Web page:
Shortly after dropping off my daughter to her dad and step mom, where she wanted to show me their new garden, I went to Central Square to buy some tie dye and silk screening supplies for school. I had spent the day with people and was ready to go home, first breakfast with my sweetheart, then a wedding for a day care family, with Liana and several day care children and their families from many years of caring. I was overfull with love. But still, in Central Square, as I parked the van, preparing for a trip to Blick and an evening at home, and Mother’s Day on my own, full of Meeting and errands and chores, accepted with as much grace as I can muster, I found a happy smiling boy of mine waving his arms at me through the van window in the rain. He was on his way home from Liana’s, where he had spent the afternoon playing D and D with friends, one Liana’s son who was once his day car buddy, after spending the morning and early afternoon babysitting for a former day care family who was at the wedding, and here he was at my window smiling broadly at me.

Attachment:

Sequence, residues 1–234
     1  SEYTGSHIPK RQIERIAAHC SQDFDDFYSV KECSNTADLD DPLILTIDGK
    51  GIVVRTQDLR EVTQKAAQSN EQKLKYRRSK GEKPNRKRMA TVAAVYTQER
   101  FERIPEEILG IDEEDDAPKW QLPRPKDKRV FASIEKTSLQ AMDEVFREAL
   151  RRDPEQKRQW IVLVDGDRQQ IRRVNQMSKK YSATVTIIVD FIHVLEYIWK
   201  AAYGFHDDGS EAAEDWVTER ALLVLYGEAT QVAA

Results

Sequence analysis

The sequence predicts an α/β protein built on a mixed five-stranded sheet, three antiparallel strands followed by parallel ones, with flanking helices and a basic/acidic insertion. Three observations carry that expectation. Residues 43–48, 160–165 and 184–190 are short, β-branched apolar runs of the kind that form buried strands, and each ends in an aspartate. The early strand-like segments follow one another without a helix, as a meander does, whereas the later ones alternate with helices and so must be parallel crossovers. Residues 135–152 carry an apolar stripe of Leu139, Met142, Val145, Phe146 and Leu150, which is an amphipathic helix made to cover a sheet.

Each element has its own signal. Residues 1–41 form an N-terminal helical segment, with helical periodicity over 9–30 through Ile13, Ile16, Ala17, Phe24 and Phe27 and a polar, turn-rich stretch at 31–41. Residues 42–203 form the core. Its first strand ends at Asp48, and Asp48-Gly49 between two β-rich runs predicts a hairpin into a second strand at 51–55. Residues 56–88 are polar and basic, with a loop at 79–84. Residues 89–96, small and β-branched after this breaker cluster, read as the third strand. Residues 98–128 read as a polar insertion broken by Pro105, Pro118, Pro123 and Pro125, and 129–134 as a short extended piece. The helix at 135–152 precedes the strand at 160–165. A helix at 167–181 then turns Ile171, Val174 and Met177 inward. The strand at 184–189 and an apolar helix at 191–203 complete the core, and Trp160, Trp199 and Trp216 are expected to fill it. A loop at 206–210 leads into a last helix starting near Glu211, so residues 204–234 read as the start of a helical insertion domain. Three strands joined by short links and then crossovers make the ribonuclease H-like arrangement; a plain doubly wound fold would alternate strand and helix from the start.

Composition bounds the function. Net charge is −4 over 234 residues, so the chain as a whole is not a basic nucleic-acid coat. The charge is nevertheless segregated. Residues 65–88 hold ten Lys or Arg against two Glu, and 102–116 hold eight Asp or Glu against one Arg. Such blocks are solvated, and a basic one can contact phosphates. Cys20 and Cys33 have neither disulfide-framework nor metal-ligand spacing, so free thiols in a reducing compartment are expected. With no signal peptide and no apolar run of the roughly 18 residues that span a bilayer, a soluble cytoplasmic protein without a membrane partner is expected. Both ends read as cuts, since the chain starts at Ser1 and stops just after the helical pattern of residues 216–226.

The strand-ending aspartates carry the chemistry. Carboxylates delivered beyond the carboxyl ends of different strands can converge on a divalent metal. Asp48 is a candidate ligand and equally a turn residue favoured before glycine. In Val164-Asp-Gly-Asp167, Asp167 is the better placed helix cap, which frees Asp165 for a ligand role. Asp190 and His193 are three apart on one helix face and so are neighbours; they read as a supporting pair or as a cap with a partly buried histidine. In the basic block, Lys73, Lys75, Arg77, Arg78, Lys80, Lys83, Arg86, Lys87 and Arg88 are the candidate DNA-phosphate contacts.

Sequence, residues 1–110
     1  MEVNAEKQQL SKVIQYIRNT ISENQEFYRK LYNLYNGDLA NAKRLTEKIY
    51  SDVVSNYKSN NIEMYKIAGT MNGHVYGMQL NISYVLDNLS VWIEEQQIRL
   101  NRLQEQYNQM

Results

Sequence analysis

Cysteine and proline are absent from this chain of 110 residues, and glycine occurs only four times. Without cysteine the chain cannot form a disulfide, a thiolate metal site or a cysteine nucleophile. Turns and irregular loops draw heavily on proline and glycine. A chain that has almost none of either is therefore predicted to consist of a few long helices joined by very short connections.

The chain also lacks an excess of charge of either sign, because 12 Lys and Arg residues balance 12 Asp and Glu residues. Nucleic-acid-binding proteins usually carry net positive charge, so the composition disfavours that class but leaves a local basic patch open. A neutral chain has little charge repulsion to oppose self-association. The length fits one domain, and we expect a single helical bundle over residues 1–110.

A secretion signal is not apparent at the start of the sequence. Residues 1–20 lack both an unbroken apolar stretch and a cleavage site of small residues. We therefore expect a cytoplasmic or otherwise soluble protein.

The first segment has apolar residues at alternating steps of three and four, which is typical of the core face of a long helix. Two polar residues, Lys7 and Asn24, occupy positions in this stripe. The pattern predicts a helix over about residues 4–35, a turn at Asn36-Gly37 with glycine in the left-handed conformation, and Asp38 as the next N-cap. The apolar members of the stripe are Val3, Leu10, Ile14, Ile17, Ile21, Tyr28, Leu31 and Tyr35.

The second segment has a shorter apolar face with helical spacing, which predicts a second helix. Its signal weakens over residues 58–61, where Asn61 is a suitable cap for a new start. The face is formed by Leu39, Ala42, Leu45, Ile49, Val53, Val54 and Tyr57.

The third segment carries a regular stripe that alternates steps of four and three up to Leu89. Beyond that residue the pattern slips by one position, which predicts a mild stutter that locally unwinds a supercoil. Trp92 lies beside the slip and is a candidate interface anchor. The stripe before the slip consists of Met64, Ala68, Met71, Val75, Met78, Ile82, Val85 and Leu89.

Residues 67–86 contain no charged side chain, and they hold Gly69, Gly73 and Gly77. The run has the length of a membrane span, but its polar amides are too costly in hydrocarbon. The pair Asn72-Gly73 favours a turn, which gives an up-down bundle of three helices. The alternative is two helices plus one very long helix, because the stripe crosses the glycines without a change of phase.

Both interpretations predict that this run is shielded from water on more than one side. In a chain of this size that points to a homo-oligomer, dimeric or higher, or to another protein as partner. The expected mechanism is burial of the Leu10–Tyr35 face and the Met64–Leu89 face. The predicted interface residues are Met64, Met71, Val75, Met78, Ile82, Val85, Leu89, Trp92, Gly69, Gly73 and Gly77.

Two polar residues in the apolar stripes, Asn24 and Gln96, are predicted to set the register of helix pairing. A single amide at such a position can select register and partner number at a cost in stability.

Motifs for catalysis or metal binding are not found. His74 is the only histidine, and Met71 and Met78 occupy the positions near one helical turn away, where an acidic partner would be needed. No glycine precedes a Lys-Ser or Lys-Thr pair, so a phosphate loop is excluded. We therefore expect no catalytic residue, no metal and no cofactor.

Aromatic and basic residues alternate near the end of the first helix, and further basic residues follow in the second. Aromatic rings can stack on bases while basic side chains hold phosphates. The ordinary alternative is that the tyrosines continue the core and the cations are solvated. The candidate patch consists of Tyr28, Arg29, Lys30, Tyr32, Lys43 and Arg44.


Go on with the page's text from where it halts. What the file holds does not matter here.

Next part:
I showed him photos of the wedding, of my day care girl in her stained tights knees, eating watermelon with her friend, both girls in our care four years, and the girl’s parents, together over ten years, married now in one of the most beautiful weddings I’ve experienced, where another of our former day care parents played drums for a trio which made music for the bride and groom and then their friends to tango, which I admired through the screens from the porch along with their daughter and her friend and Liana, romance in their steps. Later I sat beside the groom eating my brunch as he told me the story of his week, including math class with my ex-husband, a birthday party for his son, planning a wedding, the big day, then Mother’s Day. What a way for me to celebrate, is all I can think, surrounded by the fruits of my labor, in living, breathing color, in a place full to the brim with blossoms, flower girl Liana’s and my charge, lilacs in my garden and in the wedding place perfectly fragrant and moist, watered by Mother Nature, as the gardenia in my dining room was not, dry when I got home late, needing water as I washed the dishes from my children’s and my Friday lunches, heated myself leftover soup from dinner early in the week, lit the candle, and began the quiet part of Mother’s Day, the reflection on the good and bad, the grace the goal as much as the bravado.